Many HOA boards think they have it all together and can easily manage the homeowners association on their own. But can they really? While there are various factors involved when it comes to whether or not a homeowners association can successfully be self-managed – such as how involved the board members are, the size of the Association, etc. – ultimately an HOA puts itself at risk if it tries to self-manage all the components that are part of the Association. Instead of rolling the dice on hoping for the best for your Association, learn what seven of those risks are and then consider where your Association stands.
Risk #1 – Incompliance with the Law
Many self-managed HOAs are breaking the law – or at least not staying compliant in some areas - and don’t even know it. For example, conducting a reserve study and annual reserve update, submitting annual disclosures, practicing accurate and ethical accounting methods, and staying up to date with changes made to the Davis-Stirling act (in California).
Risk #2 – Open to a Lawsuit
If your HOA doesn’t have proper insurance coverage, it leaves itself open to potential (and often inevitable) lawsuits. It’s also possible that your Association has insurance, but may be under-insured. It really doesn’t cost much to have insurance, so why would your HOA board put the Association at risk? If your HOA is self-managed, you may not know the right insurance you need or who is a reputable insurance agent that understands HOAs and can help.
Risk #3 – Inefficiency of Operations
Managing a homeowner’s association can be a full-time job. There’s time that needs to be spent coordinating meetings, preparing HOA board packets, collecting assessments, facilitating member requests and complains, etc. When you have volunteer board members running the show, they may have the best intentions or they may not have a clue what they need to do, resulting in an inefficiently run Association.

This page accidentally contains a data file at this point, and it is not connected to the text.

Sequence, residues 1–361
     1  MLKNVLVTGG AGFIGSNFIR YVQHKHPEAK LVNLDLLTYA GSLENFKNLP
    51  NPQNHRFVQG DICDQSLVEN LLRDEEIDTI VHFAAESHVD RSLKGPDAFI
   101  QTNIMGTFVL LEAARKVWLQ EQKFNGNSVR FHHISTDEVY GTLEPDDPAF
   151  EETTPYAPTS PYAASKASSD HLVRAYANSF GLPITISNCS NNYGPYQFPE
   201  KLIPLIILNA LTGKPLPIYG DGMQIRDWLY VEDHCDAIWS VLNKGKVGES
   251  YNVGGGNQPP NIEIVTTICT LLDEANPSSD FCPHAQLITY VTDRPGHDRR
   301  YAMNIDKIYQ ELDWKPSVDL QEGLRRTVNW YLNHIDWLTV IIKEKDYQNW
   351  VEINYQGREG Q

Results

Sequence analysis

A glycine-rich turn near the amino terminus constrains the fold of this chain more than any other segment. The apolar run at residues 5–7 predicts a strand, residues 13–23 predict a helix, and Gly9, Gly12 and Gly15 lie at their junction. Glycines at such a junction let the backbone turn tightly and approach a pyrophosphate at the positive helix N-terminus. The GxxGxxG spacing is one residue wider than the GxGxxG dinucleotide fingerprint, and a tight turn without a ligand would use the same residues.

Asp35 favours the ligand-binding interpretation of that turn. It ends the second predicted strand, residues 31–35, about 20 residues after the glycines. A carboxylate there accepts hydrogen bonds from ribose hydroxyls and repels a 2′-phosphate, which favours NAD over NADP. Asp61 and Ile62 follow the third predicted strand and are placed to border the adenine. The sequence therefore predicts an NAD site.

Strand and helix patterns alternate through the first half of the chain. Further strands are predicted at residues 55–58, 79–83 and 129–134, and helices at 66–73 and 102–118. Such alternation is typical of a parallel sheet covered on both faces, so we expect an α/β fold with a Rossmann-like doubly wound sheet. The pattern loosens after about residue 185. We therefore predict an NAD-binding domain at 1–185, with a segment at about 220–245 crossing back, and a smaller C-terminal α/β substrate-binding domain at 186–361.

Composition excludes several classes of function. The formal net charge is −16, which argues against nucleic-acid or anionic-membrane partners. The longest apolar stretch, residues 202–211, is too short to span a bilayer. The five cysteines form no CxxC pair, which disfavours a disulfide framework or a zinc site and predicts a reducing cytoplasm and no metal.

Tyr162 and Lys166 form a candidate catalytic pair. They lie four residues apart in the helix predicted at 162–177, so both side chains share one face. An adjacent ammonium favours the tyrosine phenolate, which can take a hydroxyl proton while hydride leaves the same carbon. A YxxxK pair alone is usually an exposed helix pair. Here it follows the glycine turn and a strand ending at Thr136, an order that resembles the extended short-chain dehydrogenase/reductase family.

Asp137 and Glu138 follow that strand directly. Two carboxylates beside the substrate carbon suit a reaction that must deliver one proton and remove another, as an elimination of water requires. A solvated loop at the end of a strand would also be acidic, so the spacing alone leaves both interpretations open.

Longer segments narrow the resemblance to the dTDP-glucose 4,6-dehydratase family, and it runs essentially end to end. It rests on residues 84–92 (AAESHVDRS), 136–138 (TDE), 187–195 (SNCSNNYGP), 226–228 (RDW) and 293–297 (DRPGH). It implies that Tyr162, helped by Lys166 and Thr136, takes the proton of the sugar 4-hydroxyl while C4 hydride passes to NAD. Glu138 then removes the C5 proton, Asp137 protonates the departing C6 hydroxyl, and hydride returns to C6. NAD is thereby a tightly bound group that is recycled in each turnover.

Risk #4 – No Accountability or Transparency
Another risk of being self-managed is that there’s often the “my way or the high way” mentality from a heavy-handed Board or member of the Board. There’s no accountability involved which makes it difficult for members of the HOA to stand up the Board and leaves no room for transparency on either side.
Risk #5 – No Advocate for Members
When members of the homeowners association feel they are being wrongly treated – such as being slapped with a fine by the Board when the member did not know it existed – there is no one to advocate for them and act as a neutral contact to remedy the situation and help both parties come to an agreement.
Risk #6 – Ignorance or Indifference
Often, HOA board members simply don’t know what they don’t know. Other times they simply don’t care. In either case, it’s dangerous territory and could put your Association at risk for a multitude of things, most importantly, breaking laws and not being properly covered by insurance.
For example, a homeowners association posted that there were adult-only hours at the pool because some members complained about the loud children constantly swimming. What they didn’t know is that a posting like this is against the law. An HOA manager helped them find a solution by scheduling a time for lap swimming only at the pool because most young children aren’t going to be wanting to swim laps.
Risk #7 – No Point of Contact
Do you, as an HOA board member, want people calling you all the time? Probably not. While you could designate a member of the Board as a primary point of contact, as trustworthy as they may be you put them at risk of knowing too much and things could get messy. When you hire an HOA manager you have someone from the outside looking in who doesn’t have a personal agenda.
When you have an HOA manager you have someone from the outside looking in. They don’t have an agenda and can act as a neutral source between the Board and the HOA members.